Two losses this week in World Cup competition offered another reminder that USA Basketball isn’t as far ahead of the rest of the world as it used to be.
The Americans couldn’t overcome a huge early deficit on Sunday against Lithuania as bigger and stronger opponents continue to cause problems for the U.S. team. After blowing out Italy on Tuesday in the start of the elimination round, the same issues emerged on Friday against Germany, which held on for a two-point victory that sent Team USA into the bronze-medal game.
It might be easy to dismiss the losses as a result of not having its best players participating, but that’s true for a lot of nations with the Olympics looming in 2024. Only two All-NBA players took part in the World Cup — Luka Doncic and Shai Gilgeous-Alexander — and neither represented the U.S.
The stakes will be much higher in Paris next summer, as Olympic gold medals are considered the greatest prize in international basketball. Few of the 12 players who made up the World Cup team may get Olympic invitations, as the USA will have its traditional collection of All-Stars to pick from. But with opening ceremonies only about 10 months away, it’s not too early to think about who should be there.
With Steve Kerr serving as head coach, Warriors star Stephen Curry will be an obvious target. Curry hasn’t played in an international tournament since the FIBA World Championship in 2010, but the NBA’s best-ever three-point shooter would be a perfect weapon in the international game.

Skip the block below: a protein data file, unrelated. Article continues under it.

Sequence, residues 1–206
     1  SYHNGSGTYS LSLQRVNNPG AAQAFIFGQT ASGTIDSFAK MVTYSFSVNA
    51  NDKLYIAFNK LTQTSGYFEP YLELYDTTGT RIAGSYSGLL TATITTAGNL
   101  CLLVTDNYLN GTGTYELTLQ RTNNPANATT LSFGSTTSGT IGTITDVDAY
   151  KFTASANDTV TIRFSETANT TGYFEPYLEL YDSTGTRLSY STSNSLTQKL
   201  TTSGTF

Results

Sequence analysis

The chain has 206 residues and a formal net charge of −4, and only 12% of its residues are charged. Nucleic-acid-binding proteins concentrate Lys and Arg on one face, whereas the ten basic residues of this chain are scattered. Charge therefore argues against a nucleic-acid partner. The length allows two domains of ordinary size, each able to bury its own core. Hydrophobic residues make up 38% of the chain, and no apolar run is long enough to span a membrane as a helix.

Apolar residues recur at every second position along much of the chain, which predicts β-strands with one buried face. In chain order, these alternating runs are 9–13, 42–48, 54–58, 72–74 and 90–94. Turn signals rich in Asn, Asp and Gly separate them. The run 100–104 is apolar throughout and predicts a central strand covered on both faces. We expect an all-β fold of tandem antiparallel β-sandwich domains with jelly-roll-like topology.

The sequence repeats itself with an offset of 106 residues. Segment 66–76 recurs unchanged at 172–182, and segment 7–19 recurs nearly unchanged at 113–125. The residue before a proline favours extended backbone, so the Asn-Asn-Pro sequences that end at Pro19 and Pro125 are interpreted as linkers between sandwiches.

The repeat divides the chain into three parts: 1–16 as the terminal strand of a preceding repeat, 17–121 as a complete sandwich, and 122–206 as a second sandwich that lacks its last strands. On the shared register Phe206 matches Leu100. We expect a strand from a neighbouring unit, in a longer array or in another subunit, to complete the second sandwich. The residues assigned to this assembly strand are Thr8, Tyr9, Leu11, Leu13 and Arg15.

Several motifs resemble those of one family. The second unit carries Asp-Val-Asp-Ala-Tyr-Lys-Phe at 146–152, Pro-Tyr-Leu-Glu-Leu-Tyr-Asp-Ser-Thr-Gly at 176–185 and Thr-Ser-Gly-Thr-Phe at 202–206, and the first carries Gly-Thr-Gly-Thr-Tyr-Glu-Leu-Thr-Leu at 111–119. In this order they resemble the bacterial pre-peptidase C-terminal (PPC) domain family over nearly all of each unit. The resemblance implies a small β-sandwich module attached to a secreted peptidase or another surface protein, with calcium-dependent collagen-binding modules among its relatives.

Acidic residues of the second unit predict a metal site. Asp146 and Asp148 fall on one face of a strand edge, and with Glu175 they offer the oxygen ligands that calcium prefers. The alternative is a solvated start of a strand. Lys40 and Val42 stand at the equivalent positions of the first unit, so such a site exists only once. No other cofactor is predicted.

Kerr may also push for Klay Thompson, who’s also a deadly shooter but hasn’t been as effective since missing two full seasons with injuries. Draymond Green, who was part of the gold medal winners in the last Olympics, provides versatility and aggressive defense in the frontcourt, but he’ll turn 34 next year.
Age is an issue for several traditional USA Basketball standouts. LeBron James will turn 39 in December, and although he still plays at a high level, it may be tough for him to commit to an Olympic schedule if the Lakers make another long playoff run. The same goes for Kevin Durant, the leading scorer for the 2021 gold medalists, who will celebrate his 35th birthday this month.
Jayson Tatum, Devin Booker, Damian Lillard and Bam Adebayo are the most obvious candidates to return from the last Olympic team, and Zach LaVine and Jrue Holiday should get consideration as well. That provides plenty of wing scoring, but leaves the U.S. at risk of being undersized.
Joel Embiid would solve the center problem if he commits to the U.S., but he also has French citizenship and France may be aggressive in its pursuit after failing to advance past pool play at the World Cup. Anthony Davis might be the best option if the U.S. can’t land Embiid.
Anthony Edwards, Tyrese Haliburton and Austin Reaves have all impressed in World Cup play and may be asked back for the Olympics. Jimmy Butler, Jaylen Brown, Donovan Mitchell, Julius Randle, Paul George and Ja Morant are current All-Stars who might receive consideration, along with anyone who has a breakout performance in the upcoming season.
We want to get your opinion. If you were putting together USA Basketball’s Olympic roster for 2024, who would make up the core of your team? Please leave your answer in the space below.